# Why does intuition fail when finding the integral from $-\infty$ to $\infty$ of $x^3$?

Integrating $x^3$ perplexes me. $\int_{-1}^1 x^3dx=0$ and $\int_{-2}^2 x^3dx=0$ and even $\int_{-1000}^{1000} x^3dx=0$. Intuitively, it would make sense that $\int_{-\infty}^\infty x^3dx=0$. However, this integral is undefined.

Why does my intuition fail? The integral from $-a$ to $a$ of $x^3$ is always $0$, so why doesn't this hold for bounds of $-\infty$ to $\infty$? I understand how the math checks out (improper integrals), but instinctively this result makes no sense. Can anyone give me an intuitive explanation of this solution?

• Because $\infty$ is not a number is a concept. – valer Oct 9 '17 at 22:41
• Your top and bottom limits are equal and this gives the cauchy principal value, and it is zero as you say. But the definition of the improper integral is that both limits must vary independently, and under this definition there is no well defined improper limit. – Rene Schipperus Oct 9 '17 at 22:43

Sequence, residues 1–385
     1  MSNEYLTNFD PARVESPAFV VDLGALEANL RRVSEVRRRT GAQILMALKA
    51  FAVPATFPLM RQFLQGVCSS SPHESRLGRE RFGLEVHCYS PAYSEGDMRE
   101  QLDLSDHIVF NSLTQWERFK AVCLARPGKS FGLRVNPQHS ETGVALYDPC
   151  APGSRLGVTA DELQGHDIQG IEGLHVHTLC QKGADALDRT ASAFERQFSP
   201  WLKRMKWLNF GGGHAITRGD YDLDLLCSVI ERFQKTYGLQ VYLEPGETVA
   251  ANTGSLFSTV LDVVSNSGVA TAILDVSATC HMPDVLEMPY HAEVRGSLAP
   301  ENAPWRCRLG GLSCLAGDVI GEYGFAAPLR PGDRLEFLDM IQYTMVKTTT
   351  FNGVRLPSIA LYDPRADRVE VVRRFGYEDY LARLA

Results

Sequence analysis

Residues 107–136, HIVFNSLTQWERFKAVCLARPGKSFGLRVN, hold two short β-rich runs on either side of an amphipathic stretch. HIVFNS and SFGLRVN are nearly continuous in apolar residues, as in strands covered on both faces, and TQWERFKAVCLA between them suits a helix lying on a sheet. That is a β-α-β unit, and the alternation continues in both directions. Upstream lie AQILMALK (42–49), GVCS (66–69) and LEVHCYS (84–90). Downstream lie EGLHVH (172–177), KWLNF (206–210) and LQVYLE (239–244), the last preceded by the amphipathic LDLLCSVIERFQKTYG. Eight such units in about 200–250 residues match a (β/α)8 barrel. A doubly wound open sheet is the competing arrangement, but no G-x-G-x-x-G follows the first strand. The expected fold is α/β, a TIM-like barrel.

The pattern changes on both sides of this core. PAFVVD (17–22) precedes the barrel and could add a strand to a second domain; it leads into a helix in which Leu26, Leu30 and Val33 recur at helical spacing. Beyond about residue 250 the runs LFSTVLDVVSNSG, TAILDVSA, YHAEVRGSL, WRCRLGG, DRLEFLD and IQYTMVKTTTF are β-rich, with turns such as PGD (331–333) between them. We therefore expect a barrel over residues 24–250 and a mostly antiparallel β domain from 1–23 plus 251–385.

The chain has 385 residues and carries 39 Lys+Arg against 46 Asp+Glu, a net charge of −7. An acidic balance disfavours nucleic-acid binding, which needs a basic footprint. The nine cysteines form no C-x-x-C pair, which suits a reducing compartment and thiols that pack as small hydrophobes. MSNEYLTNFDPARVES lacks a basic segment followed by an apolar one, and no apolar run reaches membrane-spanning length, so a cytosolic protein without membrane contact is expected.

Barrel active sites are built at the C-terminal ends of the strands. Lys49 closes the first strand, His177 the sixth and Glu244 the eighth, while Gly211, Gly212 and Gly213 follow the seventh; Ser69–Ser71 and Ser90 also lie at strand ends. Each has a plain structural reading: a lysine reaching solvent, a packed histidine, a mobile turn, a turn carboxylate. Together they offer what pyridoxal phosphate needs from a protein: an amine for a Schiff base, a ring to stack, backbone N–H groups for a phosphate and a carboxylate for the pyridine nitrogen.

$\int_{a}^b x^3 dx = \frac {x^4}4|_{a}^b = \frac {b^4 - a^4}4$.
So $\int_{-\infty}^{\infty}x^3 dx = \lim\limits_{a\to -\infty,b\to \infty}\frac {b^4 - a^4}4$ which is undefined as the nature of $a\to -\infty,b\to \infty$ may vary.
We could say $\lim\limits_{a\to \infty}\int_{-a}^a x^3 dx = 0$.
But we cold also say $\lim\limits_{a\to \infty}\int_{-a}^{2a} x^3 dx = \lim\limits_{a\to \infty} \frac {(2a)^4 - a^4}4 = \lim\limits_{a\to \infty} a^4\frac {16-1}4 = \infty$.
or $\lim\limits_{a\to \infty}\int_{-2a}^{a} x^3 dx = \lim\limits_{a\to \infty} \frac {a^4 - (2a)^4}4 = \lim\limits_{a\to \infty} a^4\frac {1-15}4 = -\infty$